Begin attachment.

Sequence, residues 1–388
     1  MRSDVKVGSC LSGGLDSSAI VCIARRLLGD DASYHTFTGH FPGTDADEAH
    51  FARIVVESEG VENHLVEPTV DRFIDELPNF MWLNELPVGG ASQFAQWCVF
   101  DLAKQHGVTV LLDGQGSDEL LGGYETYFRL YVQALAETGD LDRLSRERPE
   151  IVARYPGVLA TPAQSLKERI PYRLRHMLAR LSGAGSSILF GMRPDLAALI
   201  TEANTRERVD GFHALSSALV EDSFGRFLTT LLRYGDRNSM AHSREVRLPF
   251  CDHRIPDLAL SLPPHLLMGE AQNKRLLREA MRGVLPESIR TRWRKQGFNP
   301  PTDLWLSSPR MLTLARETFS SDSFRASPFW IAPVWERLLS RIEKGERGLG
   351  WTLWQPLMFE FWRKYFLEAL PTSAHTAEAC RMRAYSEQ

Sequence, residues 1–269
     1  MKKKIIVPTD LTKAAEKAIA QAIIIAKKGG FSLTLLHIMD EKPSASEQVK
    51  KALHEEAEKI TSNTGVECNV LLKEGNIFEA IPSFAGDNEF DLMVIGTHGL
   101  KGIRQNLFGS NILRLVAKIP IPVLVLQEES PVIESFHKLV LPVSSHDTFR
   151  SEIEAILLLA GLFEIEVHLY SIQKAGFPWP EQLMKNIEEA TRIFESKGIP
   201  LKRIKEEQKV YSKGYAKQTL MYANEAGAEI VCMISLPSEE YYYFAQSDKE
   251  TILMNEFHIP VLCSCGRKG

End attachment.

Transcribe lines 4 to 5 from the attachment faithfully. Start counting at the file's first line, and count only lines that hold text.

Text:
   101  DLAKQHGVTV LLDGQGSDEL LGGYETYFRL YVQALAETGD LDRLSRERPE
   151  IVARYPGVLA TPAQSLKERI PYRLRHMLAR LSGAGSSILF GMRPDLAALI